Sunday, December 11, 2011

The Battle of Bentonville: Union lead and Confederate brass

Hey everyone!  Sorry for the delay in posting the detecting report from Friday's trip to Bentonville.  I've been too busy having fun at the Saxapahaw Holiday Market down at the Haw River Ballroom!  I'll have more to say about the event in my next blog post, but it's a real pleasure showing off my finds and seeing the excellent local vendors here.  I'm blogging from the ballroom as we speak, so come on over and say hi!

Friday's trip was a lot of fun.  I went out with three of my friends, including Jim from Silent Remnants.  We went to a couple of different promising spots, but the most productive turned out to be the same field we detected last time we were down there.  In addition to Civil War era finds, it also yielded the post was coin shown below.  It's an 1876 Indian Head penny, one of the lower mintage coins in that series with just under 8M produced.

I ended up with four and a quarter bullets for the day.  Two of them have been very heavily chewed, one beyond recognition.  I can tell that the other one is a Williams cleaner type 3.  Many people claim that the term "to bite the bullet" refers to literally chewing bullets during a field amputation to manage the pain, but this is likely not the case (or was used very rarely).  The origin of the term is still debated, however most accounts of field surgery refer to a thick leather strap being used, which seems a much more practical tool.  Why do we find these chewed bullets them?  Many animals, including cows, rodents, and especially pigs have been known to chew on lead, and likely account for most of the chewed civil war bullets recovered.

I recovered two interesting bullets today  The first of these is this "carved" bullet, cut into quarters by a soldier.  Soldiers used a large number of activities to pass the time in camp, and the soft lead bullets provided an excellent medium for whittling.  They sometimes carved small figures of lead, and often crafted pieces for games such as chess.  Silent Remnants just posted an excellent picture of a carved bullet chess piece recovered in Virginia.  It's impossible to know exactly what the purpose of this cut bullet is.  Even still, it provides a more personal connection than a typical dropped bullet, having been shaped by an individuals hands nearly 150 years ago.  The other odd bullet I recovered is a flat based 50 caliber no-ring Minie ball, but I haven't been able to identify the exact type of bullet yet.  It does show some damage to it, and I suspect that this may also be a heavily carved bullet.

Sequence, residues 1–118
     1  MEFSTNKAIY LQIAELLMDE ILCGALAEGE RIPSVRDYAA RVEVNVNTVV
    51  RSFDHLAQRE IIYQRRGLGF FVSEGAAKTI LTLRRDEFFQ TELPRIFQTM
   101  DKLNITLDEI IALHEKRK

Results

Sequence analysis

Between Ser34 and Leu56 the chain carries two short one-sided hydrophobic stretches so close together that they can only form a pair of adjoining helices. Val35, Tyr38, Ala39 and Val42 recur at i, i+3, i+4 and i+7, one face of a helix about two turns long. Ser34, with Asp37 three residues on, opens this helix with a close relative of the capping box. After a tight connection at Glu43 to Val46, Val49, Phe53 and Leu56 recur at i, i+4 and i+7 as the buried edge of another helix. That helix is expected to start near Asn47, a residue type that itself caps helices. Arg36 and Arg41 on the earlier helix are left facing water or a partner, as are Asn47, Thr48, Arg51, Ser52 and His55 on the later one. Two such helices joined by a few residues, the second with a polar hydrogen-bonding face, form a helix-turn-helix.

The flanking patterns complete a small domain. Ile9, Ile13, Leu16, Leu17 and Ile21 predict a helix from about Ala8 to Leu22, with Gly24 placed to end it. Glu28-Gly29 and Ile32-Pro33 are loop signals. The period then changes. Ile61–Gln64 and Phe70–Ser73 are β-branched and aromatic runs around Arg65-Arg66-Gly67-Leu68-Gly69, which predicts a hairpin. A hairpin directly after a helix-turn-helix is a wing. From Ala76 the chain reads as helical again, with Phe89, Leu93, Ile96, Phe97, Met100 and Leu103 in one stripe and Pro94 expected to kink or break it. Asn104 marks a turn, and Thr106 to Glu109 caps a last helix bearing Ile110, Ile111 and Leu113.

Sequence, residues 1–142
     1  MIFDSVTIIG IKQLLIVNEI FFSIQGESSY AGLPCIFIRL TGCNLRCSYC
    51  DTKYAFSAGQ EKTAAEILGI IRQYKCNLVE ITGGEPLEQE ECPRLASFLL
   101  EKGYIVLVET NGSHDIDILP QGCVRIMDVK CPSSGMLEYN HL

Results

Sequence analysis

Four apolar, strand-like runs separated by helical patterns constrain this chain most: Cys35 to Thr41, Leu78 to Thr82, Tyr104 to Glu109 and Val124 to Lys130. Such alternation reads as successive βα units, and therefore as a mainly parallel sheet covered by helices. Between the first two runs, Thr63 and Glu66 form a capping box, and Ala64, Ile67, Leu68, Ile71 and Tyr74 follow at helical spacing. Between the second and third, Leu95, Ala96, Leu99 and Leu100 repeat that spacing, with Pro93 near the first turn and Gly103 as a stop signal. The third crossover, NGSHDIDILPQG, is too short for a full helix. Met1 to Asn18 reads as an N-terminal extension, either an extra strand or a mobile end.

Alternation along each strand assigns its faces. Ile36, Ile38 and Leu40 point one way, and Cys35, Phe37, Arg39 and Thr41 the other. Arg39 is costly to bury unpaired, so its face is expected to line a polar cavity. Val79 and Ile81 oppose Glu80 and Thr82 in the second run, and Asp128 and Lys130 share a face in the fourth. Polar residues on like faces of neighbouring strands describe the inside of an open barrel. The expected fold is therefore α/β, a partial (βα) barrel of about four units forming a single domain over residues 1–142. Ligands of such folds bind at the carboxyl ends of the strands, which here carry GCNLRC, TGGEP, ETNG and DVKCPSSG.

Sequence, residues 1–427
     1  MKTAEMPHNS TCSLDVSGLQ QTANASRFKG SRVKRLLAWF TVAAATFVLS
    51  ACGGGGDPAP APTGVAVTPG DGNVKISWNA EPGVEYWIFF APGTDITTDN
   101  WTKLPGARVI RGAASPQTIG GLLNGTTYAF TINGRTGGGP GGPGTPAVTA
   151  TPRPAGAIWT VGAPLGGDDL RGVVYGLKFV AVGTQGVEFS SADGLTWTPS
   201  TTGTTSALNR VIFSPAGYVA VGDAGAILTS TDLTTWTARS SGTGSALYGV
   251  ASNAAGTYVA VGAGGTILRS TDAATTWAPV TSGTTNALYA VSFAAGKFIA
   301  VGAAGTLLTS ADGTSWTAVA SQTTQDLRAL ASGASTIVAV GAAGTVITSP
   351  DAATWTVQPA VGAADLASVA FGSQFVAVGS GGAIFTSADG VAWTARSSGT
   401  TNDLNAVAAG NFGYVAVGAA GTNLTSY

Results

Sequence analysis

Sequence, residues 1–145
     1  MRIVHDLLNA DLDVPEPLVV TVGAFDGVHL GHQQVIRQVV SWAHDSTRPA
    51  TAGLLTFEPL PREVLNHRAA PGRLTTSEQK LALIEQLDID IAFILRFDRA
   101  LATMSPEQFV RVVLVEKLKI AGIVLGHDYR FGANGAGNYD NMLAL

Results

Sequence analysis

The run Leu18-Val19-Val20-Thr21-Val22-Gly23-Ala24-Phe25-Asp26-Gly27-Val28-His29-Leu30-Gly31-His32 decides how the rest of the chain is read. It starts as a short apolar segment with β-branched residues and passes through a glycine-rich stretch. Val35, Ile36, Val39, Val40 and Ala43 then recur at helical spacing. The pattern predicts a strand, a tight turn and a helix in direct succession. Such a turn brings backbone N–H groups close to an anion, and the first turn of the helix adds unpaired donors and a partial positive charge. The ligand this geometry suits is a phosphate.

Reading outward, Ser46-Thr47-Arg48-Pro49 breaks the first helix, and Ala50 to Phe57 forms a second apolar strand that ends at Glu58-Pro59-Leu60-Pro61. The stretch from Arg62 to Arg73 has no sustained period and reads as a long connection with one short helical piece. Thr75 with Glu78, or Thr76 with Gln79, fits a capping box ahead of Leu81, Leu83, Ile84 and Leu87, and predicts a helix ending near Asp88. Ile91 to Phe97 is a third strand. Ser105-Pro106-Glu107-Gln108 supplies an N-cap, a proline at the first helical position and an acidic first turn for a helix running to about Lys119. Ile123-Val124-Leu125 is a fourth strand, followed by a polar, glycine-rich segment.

The find of the day was a heavily corroded South Carolina state seal uniform coat button.  The back fell apart when the packed sand was removed, but has a "Scovill MFG Co. Waterbury" raised-mark/depressed-channel backmark.  The front is so heavily corroded that it's nearly impossible to see the device (front image), however the state seal of South Carolina can be seen clearly in the impression from inside the button.  Despite the condition, it is still a very nice find, and I'm blessed to have dug my fourth different Confederate button in as many months.

Thanks so much for looking, and I hope you enjoyed reading!  Head down to the Saxapahaw Holiday Market today if you get a chance, and look for my pictures and reflections on the event in the next few days!

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